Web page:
It took much longer for this reviewer to read, Live, Die, Live Again.than anticipated. After all this book is a call to action I plan to read it again and again. Almost immediately I began to take notes, many notes, there’s a lot going on here. So get ready, it’s gonna’ be a bumpy ride!
This book will serve as a worthy bible to those wanting to embrace sobriety, regardless of the addiction, be it food, (yes, food can be a drug of choice), drugs or alcohol.
Ron’s childhood memories swing between neglect and humor. His recall is nothing short of remarkable in its detail, and yet at an early age he seems to have been able to take it all in stride seeming downright adult as he meanders along viewing it all with a jaundiced eye.
As his young life continues to deteriorate, neither parent overly involved, luck intervened by way of his aunt Merle, who suggested he be placed at Arden Shore, a place for disadvantaged youngsters that was created by the wealthiest members of the community. Ron says, “Arden Shores allowed him to escape his parents without being homeless.”
His stay at Arden Shore continued through adolescence. Despite the occasional fall from Grace, he had the advantage of partaking in some outstanding travel experiences that would include meeting a young Senator, Jack Kennedy. This was the beginning of a life that would include chance meetings of the rich and famous.
After leaving Arden Shore he joined the U.S. Marines. The young man was drawn to adventure and he found it everywhere he went. Explicably drawn to all things Asian, his time as a Marine allowed him to follow this passion. This lucky man found love with a sweet, beautiful, Philippine wife. They have been married more than 20-years and have beautiful children and grandchildren.
DEATH-DEFYING ACT II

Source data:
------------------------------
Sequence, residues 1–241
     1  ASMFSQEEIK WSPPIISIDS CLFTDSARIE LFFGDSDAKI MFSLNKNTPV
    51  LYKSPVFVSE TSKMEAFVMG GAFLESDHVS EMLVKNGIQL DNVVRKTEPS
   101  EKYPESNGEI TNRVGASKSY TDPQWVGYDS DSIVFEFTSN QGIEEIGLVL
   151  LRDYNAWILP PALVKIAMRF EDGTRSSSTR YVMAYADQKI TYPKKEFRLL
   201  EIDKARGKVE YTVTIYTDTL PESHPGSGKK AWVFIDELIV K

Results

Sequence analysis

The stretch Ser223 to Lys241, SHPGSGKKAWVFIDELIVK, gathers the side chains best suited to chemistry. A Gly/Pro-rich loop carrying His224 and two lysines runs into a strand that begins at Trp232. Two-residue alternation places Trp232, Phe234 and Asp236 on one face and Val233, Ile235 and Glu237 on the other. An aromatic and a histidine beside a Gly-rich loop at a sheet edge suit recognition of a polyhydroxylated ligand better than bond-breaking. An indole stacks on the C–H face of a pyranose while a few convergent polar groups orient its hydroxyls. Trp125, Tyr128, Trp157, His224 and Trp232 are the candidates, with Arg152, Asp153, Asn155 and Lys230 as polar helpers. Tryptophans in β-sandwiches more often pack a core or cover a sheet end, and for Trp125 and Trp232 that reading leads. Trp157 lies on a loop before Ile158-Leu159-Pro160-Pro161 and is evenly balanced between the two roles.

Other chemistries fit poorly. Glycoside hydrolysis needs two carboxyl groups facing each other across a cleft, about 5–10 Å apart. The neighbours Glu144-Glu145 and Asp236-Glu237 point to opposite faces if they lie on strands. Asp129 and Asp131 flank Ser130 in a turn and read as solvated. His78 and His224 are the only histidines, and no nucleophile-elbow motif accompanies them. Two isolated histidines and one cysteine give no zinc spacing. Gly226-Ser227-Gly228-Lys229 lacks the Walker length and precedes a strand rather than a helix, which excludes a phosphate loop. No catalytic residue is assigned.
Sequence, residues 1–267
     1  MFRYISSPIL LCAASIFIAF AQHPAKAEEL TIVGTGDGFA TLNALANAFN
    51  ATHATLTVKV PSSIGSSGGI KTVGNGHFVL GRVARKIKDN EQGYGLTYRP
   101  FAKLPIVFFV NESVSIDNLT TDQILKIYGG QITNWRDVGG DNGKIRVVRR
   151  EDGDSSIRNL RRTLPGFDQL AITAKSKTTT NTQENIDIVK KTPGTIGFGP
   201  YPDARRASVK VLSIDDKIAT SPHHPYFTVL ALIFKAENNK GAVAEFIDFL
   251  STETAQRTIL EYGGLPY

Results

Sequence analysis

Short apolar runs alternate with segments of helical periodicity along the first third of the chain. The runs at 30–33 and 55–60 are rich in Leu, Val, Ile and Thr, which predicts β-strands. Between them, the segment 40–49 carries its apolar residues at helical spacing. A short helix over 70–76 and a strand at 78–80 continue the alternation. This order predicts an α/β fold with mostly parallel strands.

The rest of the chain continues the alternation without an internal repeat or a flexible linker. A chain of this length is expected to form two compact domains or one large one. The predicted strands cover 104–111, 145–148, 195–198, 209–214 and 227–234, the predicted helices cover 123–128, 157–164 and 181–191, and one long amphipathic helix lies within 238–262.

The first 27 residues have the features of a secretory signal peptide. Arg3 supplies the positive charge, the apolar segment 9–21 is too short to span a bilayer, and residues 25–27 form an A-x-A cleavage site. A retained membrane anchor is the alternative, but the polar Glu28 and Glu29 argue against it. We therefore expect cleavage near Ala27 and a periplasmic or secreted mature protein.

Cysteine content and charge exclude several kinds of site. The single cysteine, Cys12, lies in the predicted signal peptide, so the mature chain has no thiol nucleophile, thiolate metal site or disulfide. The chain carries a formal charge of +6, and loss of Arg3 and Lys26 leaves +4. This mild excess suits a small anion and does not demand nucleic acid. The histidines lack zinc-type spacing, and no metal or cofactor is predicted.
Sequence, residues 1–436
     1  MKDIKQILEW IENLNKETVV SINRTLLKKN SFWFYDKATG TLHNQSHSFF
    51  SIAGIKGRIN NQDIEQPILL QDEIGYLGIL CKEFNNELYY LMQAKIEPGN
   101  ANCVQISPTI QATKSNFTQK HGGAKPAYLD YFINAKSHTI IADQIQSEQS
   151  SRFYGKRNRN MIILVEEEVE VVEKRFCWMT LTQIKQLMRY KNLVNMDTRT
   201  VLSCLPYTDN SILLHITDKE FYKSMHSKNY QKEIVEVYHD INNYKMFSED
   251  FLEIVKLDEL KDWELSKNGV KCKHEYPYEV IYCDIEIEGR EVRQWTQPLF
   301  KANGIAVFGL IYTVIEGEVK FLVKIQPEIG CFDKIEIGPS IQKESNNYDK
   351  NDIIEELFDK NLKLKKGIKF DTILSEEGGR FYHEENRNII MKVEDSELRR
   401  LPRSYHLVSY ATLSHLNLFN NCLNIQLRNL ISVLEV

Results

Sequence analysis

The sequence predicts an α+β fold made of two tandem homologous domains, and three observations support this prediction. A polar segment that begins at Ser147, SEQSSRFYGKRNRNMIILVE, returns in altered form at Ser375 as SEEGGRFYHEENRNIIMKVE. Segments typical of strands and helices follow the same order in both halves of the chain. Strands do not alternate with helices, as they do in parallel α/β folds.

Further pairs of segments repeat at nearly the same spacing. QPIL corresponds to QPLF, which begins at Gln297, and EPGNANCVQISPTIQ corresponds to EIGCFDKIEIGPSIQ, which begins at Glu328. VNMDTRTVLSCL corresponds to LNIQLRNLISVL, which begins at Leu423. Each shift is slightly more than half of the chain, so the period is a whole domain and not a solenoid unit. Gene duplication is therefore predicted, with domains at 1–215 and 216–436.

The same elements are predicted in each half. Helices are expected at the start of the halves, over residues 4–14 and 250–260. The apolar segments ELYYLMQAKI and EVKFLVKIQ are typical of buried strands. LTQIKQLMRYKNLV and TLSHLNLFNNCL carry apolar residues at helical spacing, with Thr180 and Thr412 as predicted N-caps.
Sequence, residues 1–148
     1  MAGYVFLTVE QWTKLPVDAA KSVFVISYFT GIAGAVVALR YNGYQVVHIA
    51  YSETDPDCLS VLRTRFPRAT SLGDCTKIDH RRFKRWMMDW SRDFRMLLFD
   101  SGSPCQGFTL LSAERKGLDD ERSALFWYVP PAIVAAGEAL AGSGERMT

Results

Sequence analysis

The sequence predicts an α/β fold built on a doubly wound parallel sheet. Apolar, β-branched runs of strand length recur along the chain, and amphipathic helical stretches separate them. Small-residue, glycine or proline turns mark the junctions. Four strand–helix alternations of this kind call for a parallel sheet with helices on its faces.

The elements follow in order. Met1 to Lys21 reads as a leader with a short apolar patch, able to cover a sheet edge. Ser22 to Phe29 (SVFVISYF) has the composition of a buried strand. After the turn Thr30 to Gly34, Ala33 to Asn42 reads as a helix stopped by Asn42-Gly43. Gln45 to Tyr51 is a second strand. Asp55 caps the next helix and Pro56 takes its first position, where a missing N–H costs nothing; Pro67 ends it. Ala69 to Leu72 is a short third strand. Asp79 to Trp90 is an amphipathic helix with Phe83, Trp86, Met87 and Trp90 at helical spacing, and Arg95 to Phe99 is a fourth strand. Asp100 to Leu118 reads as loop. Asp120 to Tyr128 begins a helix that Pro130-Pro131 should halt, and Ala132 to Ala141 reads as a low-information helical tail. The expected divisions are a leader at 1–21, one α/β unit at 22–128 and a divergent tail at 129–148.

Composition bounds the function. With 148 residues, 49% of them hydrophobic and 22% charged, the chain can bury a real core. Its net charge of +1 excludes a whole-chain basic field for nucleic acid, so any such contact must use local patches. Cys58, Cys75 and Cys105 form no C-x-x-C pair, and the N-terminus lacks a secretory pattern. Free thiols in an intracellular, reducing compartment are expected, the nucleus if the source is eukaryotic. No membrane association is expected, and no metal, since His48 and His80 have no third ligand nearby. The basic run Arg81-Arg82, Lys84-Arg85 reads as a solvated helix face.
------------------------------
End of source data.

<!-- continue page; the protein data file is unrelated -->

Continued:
Everything changed on December 18, 2012. He stopped breathing! His face hit the floor! He was dead! And home alone! As he stopped breathing he had managed to hit 911 on his cell phone. It was nothing short of a miracle that the Burbank Fire Department received that call. They came to his home, broke down the door and got him to Providence Saint Joseph Medical Center. The fact that he survived is a remarkable story in itself.
Irwin is a man who is cleverly iron and grimly humorous, replete with snappy answers. As a friend, I say he is inimitable and indomitable. His friend Carl Bernstein says, “He has a spirit borne of massive inner strength.” And he has managed here to prove it in his death-defying Act II to come face-to-face, through brutal honesty and insight, to write down what he had to do and what changes he had to make to shed a huge amount of weight, give up his cigars and booze and live again for those who love him and to accept the love and support of his family. Not easy for a Marine! He has claimed and embraced a new way of life.
As I said before, Live, Die, Live Againis a call to action. I can’t wait to read it again. It is in the end, a life well lived.
Elizabeth McCallan worked at the Tolucan Times for many years and now lives in Texas.